About 20 people sat in a circle, reading an unconventional take on the Robin Hood tale.
There were young kids and middle-age theater enthusiasts – a Carolina RailHawks soccer mascot, a break dancer, a firefighter, an accent master, a horseback rider and a few Chick-fil-A employees.
All wanted a chance to take part in the newly formed Apex Community Theatre. The group plans to stage a production of “Rob’n Hood” in September.
The effort is a collaboration between the Apex Arts Council and London Salt Productions, a theater company recently formed by Pepper Jensen and Paris Sterling.
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Apex didn’t have a community theater troupe until now. Jensen said the Apex Arts Council had been expressing interest in starting a group for years.
“We came up with this idea about two month ago,” Jensen said. “Things just came together at the right time and place.”
London Salt has nothing to do with our neighbors across the pond. The name actually comes from a punny play on Sterling and Jensen’s first names – London, like Paris, and Salt, like Pepper.
Jensen, a recent graduate of UNC-Pembroke, has been acting since he was a kid. He will serve as director and choreographer for the group’s first show.
Sterling, meanwhile, brings the element of music to the stage, as the composer and voice coach. She’s been playing and teaching piano for years.
“We want to do something new,” Jensen said. “We want to be more creative.”
“Rob’n Hood” is a twist on the traditional story of Robin Hood, who steals from the rich to give to the poor. Jensen wrote the musical in iambic pentameter rhythm. Sterling composed the music for the show.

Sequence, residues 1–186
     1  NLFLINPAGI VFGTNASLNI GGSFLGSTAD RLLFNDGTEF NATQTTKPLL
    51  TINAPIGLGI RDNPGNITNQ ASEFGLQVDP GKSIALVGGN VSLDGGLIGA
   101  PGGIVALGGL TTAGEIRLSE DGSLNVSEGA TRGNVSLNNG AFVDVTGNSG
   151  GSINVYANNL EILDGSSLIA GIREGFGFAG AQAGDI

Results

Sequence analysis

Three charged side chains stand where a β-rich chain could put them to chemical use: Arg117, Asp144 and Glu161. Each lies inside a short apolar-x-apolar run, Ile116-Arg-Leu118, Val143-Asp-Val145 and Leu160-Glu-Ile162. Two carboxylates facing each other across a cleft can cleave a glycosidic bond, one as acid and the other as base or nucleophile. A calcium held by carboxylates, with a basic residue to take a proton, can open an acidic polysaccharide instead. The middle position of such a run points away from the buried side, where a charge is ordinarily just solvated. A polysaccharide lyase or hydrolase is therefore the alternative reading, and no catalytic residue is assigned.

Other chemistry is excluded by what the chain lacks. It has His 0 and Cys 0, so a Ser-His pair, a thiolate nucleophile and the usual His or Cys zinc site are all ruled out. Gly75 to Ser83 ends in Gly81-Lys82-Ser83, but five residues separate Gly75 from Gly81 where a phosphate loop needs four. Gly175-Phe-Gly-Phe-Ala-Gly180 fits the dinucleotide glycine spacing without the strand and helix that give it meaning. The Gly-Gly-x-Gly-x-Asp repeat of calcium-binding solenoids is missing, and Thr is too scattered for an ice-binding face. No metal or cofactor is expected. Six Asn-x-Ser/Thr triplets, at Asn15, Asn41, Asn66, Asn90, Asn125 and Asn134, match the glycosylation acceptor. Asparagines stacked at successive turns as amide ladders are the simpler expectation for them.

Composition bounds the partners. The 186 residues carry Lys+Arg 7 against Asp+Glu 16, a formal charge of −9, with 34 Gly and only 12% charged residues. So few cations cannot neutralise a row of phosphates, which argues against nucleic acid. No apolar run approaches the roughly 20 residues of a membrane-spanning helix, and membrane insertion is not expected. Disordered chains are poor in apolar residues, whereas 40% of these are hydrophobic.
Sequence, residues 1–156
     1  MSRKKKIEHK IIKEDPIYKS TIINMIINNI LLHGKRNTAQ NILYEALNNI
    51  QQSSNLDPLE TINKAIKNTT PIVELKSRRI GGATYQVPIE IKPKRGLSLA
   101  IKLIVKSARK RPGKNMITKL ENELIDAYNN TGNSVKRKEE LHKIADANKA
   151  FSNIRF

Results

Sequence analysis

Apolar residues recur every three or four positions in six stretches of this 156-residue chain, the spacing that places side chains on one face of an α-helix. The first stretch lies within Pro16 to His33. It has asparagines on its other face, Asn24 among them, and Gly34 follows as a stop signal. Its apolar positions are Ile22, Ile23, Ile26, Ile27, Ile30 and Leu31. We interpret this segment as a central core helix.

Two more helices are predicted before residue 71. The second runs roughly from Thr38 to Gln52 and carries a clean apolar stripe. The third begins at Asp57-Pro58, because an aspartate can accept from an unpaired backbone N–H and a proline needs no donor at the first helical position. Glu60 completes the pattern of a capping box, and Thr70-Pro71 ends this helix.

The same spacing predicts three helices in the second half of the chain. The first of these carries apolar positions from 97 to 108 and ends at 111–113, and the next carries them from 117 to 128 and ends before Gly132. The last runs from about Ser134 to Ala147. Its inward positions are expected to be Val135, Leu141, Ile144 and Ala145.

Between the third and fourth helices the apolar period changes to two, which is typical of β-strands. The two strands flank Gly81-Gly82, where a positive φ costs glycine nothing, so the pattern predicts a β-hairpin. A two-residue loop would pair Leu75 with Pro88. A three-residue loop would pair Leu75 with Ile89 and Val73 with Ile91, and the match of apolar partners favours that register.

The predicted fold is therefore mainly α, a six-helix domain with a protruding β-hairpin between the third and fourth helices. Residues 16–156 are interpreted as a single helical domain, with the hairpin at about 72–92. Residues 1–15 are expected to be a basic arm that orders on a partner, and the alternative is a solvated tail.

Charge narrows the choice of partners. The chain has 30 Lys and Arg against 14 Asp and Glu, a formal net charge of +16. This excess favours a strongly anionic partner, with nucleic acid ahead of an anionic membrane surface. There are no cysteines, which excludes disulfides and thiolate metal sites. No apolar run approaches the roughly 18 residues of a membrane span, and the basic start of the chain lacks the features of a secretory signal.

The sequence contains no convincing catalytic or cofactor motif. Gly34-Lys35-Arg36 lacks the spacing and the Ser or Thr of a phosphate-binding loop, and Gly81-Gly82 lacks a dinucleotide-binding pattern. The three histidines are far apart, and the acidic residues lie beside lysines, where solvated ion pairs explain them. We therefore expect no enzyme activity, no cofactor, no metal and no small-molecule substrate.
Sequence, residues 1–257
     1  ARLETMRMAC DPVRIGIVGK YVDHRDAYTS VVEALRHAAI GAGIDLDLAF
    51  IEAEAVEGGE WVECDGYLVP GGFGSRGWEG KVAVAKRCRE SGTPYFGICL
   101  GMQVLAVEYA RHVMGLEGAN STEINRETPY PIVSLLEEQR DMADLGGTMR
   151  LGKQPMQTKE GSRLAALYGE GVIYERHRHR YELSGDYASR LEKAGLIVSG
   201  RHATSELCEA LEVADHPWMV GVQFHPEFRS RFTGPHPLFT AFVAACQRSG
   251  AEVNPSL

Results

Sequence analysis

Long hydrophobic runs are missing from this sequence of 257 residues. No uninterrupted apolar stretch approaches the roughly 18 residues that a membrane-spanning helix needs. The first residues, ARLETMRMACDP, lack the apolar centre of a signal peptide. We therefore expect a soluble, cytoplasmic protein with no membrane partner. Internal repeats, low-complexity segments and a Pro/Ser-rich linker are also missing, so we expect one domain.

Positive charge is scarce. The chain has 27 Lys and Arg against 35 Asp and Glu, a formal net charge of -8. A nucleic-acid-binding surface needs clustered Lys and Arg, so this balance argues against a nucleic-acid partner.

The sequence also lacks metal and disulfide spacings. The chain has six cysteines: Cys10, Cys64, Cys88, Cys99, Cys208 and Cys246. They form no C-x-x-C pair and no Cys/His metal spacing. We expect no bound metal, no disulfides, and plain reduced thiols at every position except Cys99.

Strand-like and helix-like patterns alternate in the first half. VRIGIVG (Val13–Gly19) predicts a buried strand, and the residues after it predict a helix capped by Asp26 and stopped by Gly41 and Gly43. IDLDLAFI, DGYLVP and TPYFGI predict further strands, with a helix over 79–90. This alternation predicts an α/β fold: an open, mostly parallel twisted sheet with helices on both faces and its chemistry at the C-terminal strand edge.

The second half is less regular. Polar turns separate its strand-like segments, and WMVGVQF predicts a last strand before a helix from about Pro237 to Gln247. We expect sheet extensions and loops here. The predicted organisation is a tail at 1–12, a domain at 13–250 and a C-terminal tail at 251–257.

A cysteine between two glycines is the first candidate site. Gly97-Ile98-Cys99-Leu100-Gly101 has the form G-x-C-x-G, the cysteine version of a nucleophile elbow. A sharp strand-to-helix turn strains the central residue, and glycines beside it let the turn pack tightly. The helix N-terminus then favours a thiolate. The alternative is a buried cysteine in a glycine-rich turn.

“A lot of times, Robin Hood is portrayed as a hero, even though he’s practicing stealing,” Jensen said. “We want to kind of look at the dynamics of why that was, and why Robin is portrayed as a hero when morally what he’s doing would be considered wrong in our society.”
The goal is to share a moral message while being family-friendly. There are clear Christian and biblical undertones.
“A lot of times, the art and the environment of theater has been a little more risque and a little more liberal,” Jensen said. “We’re approaching theater much more morally. We want to incorporate the community and promote good values.”
He hopes the group won’t face criticism for its approach.
“We want to make the plays not abrasive,” Jensen said. “We want to make them so that anyone can come and enjoy them without feeling –”
“Preached at?” Sterling interjected.
“Yeah, preached at,” Jensen said. “The opposition might be because we are approaching this from a non-traditional standpoint. In the end, people may have prejudices or biases, but hopefully people won’t continue to have those feelings, because the show is such an incredible show.”
For now, London Salt meets at the Western Wake Bible Chapel on Center Street. The group is currently looking for a venue to host practices and performances.
“We have discussed having it outside, at a park or an outdoor stage,” Jensen said.
The challenge for the group is getting its name out there. Jensen and Sterling are still looking to fill a few spots in the musical after a low turnout at the first round of auditions.
“There are opportunities for theater in the area that have already been well established,” Jensen said. “We have to work on getting the word out there and making a name for ourselves.”
In the meantime, Jensen and Sterling are building a theater community that produces original content. They hope to give people the opportunity to write and perform original pieces.
“I think it’s unique. If you look at Shakespeare, that’s how it was done,” Jensen said. “We want to create our own stories here.”